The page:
Sunday: At Lydda and Joppa

Peter was visiting the Christian communities through the coastal region of Judea. His purpose was probably to give them doctrinal instruction (Acts 2:42), but God used him powerfully to perform miracles in the same fashion as those performed by Jesus Himself.

Read Acts 9:32-35. What similarities do you see in the miracle of Jesus in Luke 5:17-26 and the healing of Aeneas?

Tabitha Raised

Image © Providence Collection

Despite the brevity of the account, the miracle reminds us of the well-known story of the Capernaum paralytic healed by Jesus (Luke 5:17-26). Even the detail about the bed is similar. More important, however, was the impact of Aeneas’s cure, not only in Lydda but also in the coastal plain of Sharon. Having verified for themselves the reality of the miracle, many people turned to the Lord.

Read Acts 9:36-43. Review the story of Tabitha’s resurrection. What was so special about her?

Tabitha—the Aramaic for “gazelle” in Greek, Dorcas—was a believer very dear in her neighborhood because of her works of Christian charity. The story of her resurrection also parallels a miracle performed by Jesus, the resurrection of Jairus’s daughter (Luke 8:41-42Luke 8:49-56), which Peter had witnessed. Following Jesus’ example, he asked everybody to leave the room (see Mark 5:40). Then he knelt down and prayed, after which he called to the dead woman, ”Tabitha, get up” (Acts 9:40, NRSV).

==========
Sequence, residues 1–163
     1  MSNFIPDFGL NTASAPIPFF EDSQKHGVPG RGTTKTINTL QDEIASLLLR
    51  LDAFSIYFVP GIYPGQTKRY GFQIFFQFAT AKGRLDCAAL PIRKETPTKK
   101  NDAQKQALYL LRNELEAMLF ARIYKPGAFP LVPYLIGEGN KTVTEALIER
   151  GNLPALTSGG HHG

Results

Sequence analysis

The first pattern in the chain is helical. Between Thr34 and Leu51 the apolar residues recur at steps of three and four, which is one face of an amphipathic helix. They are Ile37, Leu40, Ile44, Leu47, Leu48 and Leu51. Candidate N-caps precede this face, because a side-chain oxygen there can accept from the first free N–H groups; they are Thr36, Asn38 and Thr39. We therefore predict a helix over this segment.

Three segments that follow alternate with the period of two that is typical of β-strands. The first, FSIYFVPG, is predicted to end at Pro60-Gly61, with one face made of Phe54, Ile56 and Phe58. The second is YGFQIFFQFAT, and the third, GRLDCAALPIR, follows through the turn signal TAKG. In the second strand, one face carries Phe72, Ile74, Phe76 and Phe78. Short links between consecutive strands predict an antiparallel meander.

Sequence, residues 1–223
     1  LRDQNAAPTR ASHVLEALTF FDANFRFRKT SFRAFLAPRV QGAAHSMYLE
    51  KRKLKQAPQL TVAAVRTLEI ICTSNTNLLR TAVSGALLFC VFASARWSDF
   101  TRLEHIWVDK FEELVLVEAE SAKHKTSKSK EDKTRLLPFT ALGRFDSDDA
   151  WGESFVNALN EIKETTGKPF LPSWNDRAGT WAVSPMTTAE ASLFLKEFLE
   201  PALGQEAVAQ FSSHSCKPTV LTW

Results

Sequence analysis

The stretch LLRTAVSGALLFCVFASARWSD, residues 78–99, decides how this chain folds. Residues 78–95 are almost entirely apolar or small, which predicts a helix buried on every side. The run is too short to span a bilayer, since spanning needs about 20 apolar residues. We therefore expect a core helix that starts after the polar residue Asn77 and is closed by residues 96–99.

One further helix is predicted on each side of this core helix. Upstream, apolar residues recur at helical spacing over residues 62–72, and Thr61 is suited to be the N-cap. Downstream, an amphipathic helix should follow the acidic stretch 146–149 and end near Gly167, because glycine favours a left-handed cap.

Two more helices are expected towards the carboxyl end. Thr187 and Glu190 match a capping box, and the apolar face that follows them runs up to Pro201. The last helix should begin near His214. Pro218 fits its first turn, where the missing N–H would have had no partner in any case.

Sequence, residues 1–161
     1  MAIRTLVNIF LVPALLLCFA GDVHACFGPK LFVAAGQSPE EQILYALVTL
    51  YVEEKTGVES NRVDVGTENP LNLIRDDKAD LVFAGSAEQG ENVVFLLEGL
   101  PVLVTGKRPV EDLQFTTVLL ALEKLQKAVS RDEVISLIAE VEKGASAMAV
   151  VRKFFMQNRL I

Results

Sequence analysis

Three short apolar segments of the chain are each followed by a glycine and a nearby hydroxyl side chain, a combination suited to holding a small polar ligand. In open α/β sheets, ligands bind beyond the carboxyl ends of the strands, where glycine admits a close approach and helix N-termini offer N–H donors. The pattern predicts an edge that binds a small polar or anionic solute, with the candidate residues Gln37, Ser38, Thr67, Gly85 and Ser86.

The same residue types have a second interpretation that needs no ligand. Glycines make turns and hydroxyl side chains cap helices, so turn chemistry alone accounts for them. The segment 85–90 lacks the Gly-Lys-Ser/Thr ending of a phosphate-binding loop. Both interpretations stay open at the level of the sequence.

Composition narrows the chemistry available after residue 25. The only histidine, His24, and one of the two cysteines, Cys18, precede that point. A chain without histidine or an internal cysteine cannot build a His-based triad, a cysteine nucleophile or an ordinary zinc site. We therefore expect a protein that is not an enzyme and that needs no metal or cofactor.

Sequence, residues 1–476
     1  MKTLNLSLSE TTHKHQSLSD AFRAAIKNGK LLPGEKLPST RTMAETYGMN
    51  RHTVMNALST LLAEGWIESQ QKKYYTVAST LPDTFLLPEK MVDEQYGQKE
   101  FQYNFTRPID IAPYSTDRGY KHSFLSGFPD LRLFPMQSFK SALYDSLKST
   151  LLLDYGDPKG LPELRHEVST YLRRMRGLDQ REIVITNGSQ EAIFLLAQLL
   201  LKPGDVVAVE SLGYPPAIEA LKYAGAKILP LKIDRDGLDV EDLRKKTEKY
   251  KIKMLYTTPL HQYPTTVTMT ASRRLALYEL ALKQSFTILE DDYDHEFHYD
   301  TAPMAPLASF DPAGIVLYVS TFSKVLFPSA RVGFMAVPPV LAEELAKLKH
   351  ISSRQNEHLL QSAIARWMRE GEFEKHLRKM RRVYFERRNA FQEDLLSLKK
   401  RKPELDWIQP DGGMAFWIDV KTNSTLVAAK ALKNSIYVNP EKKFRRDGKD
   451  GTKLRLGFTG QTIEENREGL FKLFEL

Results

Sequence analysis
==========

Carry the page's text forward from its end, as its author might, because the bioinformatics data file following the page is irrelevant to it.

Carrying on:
The apostles performed many miracles; yet, in fact, these were God’s actions through the apostles’ hands (Acts 5:12). The similarities with Jesus’ own miracles were perhaps to remind the church, including us today, that what matters most is not so much who the instrument is but the measure of his/her surrender to God (see John 14:12). When we fully allow God to use us for the gospel’s cause, great things can happen. Peter not only resurrected Tabitha, but the miracle also led to many conversions in Joppa (Acts 9:42).

Some people think that if only they could see a real miracle, such as what happened here, then they would believe. And though at times miracles helped lead some people to faith, the Bible is filled with stories of those who saw miracles and still didn’t believe. On what, then, should our faith be based?

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Source: Daily Sabbath School Lessons